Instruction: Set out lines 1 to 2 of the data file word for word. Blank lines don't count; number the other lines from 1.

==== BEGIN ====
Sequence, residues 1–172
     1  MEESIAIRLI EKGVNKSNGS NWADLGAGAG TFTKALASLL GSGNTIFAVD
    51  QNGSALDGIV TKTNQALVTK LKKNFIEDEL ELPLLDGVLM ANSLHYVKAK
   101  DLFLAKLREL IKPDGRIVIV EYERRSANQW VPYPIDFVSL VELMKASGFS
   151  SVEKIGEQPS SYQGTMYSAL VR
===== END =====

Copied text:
Sequence, residues 1–172
     1  MEESIAIRLI EKGVNKSNGS NWADLGAGAG TFTKALASLL GSGNTIFAVD